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2018-01-31 / Featured / News

Arthur Miller classic hits Swift Creek Mill Theatre

Local theater stages "All My Sons"
BY RICH GRISET STAFF WRITER


Jacqueline O'Connor and George Dippold star as mother and son Kate and Chris Keller in "All My Sons." 
ASH DANIEL Jacqueline O'Connor and George Dippold star as mother and son Kate and Chris Keller in "All My Sons." ASH DANIEL When “All My Sons” debuted on Broadway, it was such a resounding success that it scared playwright Arthur Miller.

Finding himself suddenly embraced by a society and system he’d long critiqued in his work, and fearful of getting lost in it, he dealt with his newfound fame by visiting an employment agency and taking up a manual labor job. The job didn’t last, but Miller’s success did. He would return to his typewriter to create further theatrical masterworks, including “Death of a Salesman,” “The Crucible” and “A View from the Bridge.”

The story of a family torn apart by secrets and war profiteering, “All My Sons” struck a nerve with post-World War II audiences when it debuted in 1947. Blending elements of ancient Greek tragedy and the work of Norwegian playwright Henrik Ibsen, Miller ironically benefitted from the American Dream ethos he’d spend much of his career assailing, including in “All My Sons.”

The show is currently playing at Swift Creek Mill Theatre, and longtime artistic director Tom Width hopes it will resonate with today’s audiences as it did back in 1947.

“It’s a play about a man who knowingly sold some defective [airplane] parts” to the military, explains Width. “He managed to blame it all on his partner, and the partner’s in prison.”

Based on a true story, the show concerns factory owner Joe Keller and his family. Keller’s son Larry died in the war; his other son, Chris, now wants to marry Larry’s former fiancee, Ann. Further complicating matters is the fact that Ann’s father was Keller’s partner, now imprisoned because of him.

“It’s really about human beings and their frailties, and this particular family gets pretty well torn apart,” says Width, the show’s director. “Whether it’s wartime or not, corporate malfeasance is certainly still a subject to be talked about. It still rings true today.”

After his factory produces defective aircraft engine cylinder heads, Keller makes the decision to send them to the military anyway, rather than miss a deadline and imperil his government contract. Keller is sure that the latter would bankrupt him; instead, the faulty parts kill 21 pilots.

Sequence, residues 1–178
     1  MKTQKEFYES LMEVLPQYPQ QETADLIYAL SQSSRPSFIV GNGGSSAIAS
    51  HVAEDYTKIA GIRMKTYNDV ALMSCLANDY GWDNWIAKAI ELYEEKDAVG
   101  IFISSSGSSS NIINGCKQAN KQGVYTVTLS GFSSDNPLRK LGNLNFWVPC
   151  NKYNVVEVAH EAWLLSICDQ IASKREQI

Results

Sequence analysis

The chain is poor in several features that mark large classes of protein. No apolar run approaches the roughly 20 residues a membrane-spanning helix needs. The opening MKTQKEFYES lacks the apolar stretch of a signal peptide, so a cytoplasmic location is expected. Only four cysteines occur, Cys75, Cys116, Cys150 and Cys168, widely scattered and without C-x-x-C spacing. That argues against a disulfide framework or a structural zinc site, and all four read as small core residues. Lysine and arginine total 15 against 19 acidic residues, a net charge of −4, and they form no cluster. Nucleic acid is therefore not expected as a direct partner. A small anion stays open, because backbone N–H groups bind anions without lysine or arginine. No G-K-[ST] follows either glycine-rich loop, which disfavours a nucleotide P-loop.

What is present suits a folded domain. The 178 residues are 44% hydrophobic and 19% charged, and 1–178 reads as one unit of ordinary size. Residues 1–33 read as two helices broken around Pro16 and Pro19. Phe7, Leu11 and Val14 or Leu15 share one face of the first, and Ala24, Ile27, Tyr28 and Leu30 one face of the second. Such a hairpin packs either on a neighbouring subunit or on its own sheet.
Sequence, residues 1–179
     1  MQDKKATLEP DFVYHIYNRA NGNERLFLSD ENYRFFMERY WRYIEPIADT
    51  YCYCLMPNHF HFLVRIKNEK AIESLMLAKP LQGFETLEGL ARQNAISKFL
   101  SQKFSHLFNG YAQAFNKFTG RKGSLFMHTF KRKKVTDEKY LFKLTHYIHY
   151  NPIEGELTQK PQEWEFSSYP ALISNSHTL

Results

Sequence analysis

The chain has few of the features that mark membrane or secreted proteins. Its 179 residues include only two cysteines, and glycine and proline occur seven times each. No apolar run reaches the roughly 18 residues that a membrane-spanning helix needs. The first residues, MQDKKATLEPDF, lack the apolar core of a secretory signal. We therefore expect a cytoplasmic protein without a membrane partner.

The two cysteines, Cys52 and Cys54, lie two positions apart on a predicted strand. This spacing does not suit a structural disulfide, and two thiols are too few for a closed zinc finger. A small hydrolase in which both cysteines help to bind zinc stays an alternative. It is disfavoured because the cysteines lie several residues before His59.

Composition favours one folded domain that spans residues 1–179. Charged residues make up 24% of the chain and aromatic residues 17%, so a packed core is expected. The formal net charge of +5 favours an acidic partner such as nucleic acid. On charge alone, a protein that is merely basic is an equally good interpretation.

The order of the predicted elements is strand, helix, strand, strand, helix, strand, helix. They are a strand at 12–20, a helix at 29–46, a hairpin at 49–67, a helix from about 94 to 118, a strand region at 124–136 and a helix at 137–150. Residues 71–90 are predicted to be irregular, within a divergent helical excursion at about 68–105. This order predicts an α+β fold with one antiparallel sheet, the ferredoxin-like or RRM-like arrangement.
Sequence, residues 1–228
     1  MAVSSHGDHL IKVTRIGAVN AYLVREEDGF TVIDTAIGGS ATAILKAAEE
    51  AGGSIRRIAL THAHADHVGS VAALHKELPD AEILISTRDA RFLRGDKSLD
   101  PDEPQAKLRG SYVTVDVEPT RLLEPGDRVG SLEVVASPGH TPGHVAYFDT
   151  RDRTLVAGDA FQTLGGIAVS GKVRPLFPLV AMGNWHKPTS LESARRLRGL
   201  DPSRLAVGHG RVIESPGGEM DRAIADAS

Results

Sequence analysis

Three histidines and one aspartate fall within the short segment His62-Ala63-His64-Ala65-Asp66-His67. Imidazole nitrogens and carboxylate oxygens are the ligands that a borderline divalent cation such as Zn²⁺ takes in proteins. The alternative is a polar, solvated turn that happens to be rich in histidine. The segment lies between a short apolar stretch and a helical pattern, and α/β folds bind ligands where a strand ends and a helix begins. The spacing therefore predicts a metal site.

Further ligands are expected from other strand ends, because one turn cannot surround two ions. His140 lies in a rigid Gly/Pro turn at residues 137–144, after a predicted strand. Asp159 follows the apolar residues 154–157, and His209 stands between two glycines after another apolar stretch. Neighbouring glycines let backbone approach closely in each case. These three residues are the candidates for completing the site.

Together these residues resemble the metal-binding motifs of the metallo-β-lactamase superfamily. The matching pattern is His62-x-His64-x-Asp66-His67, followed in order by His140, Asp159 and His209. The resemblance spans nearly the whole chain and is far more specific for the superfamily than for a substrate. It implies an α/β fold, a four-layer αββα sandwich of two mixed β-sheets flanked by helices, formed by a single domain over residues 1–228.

Barry Pruitt, a local actor and former owner of the now-defunct Richmond restaurant The White Dog, plays Keller. Pruitt says the biggest challenge of the role is not making his character out to be a bad person.

“These decisions … aren’t made by bad guys. They’re made by good guys who love their family, and love their town, and work hard and do everything [else] right,” he says. “[He] comes to realize by the very end that he’s not only responsible to protect his own sons, but protect everyone else’s sons as well.”

George Dippold plays Keller’s son Chris, and says the play is an intimate portrait of a family trying to deal with the aftermath of World War II. “They’re trying to find the good in it, but it’s mostly bad,” he says. “It’s trying to start a new chapter of a family unit, but realizing how much baggage there is to unpack.”

Dippold’s character wants to marry his dead brother’s ex-fiancee, and stands to inherit his father’s factory. Chris idolizes his father, but gradually begins to realize his father’s role in the death of the pilots.

For Dippold, the play brings up a number of intriguing moral questions.

“When is it worth it to make certain sacrifices when your family and core beliefs are on the line?” Dippold says. “How do you navigate making sacrifices in a time of war and in a time of peace? How can you hold yourself accountable, and think about both the past and the future all at once?”

Width says this is a show he’s wanted to produce since he was involved in a community theater production of it as a teenager in New Jersey.

“The titular line in that has always stuck with me: ‘Sure, he was my son, but I think to him they were all my sons,’ and I’ve always just remembered it and how powerful the play was,” Width says.

“It’s one of the great classics of American theater, and you don’t get to see them often enough.”

“All My Sons” plays through Feb. 24 at Swift Creek Mill Theatre, 17401 Jefferson Davis Highway, 23834. For more information, visit swiftcreekmill.com or call 748-5203. ¦

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